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What is Coffee Brewing?

By B. Miller
Updated May 17, 2024
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Coffee brewing is the act of using heated water and ground coffee to turn coffee beans into a hot cup of coffee. There are a few different methods of making coffee, depending on the strength and style of coffee that is desired. It is always necessary, however, to grind coffee beans before brewing the coffee.

It is possible to purchase coffee either in its whole bean form, or already ground. Most experts recommend purchasing whole bean coffee and grinding it at home. It is best to grind coffee right before it is to be brewed; this ensures the freshest flavor. Experts also recommend using coffee within a few weeks of purchase, and keeping coffee in a tightly sealed container.

There are some general rules for all types of coffee brewing methods. The ratio of coffee to water should be approximately two tablespoons of ground coffee for every six ounces (approximately 177 milliliters) of water. The water should either be filtered or spring water; tap water is not recommended because it can impart other, unpleasant flavors to the coffee. The temperature of the water should be close to boiling, but not quite. Water should be between 195 degrees Fahrenheit and 205 degrees Fahrenheit (between 90 and 95 degrees Celsius).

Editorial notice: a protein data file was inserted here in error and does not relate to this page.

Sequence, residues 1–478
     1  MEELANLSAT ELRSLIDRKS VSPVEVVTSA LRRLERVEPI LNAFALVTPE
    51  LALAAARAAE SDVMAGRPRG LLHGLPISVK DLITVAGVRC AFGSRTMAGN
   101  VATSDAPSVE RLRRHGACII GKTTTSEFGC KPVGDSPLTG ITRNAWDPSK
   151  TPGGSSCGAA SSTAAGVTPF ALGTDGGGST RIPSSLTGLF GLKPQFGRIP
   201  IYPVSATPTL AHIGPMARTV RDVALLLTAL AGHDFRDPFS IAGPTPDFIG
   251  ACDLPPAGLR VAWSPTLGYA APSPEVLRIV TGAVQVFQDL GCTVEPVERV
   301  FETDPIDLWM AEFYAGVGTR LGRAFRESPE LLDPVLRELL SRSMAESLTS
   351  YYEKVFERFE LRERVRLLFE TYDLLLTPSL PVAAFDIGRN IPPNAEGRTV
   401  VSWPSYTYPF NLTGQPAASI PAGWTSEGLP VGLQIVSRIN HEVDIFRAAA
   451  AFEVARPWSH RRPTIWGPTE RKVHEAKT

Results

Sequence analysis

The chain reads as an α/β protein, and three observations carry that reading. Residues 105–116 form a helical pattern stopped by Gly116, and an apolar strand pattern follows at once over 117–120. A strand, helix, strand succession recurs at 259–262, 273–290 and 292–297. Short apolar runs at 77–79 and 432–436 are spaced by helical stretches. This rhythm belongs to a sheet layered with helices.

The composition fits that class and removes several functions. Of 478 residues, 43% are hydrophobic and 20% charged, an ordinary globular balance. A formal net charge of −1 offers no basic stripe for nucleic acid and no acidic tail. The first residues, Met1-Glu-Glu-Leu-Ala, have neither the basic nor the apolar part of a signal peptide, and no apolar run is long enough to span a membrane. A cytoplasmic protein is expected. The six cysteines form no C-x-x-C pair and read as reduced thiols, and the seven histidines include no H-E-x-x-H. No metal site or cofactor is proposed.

The most common coffee brewing method in the U.S. is generally a standard drip coffee maker. In this method, water is added to the coffee machine, and coffee grounds are placed in a basket containing a filter. The machine takes care of the rest, and the user isn't given any control over the temperature of the water. The drip coffee maker will generally shut off when coffee brewing is complete, though many have a hot plate to keep the coffee warm. It is best to remove the coffee from the hot plate, which can burn the coffee, and transfer it into an insulated carafe to keep it warm.

Another common method of coffee brewing is a French press. In this method, the user adds the hot water at the desired temperature on top of the coffee grounds, which rest at the bottom of a glass container. After four to five minutes have passed, a plunger is pressed into the water, which releases the coffee and the coffee oils, separating the grounds.

There are other methods of coffee brewing, that produce a stronger, more concentrated beverage, usually served in smaller cups. Turkish style coffee is heated directly over a stove, and the coffee is served with the grounds in the bottom of the cup. Italian espresso is made in a special machine, in which hot water is forced through the grounds under high pressure. No matter which style one chooses, it is best to drink the coffee immediately after it has been prepared.

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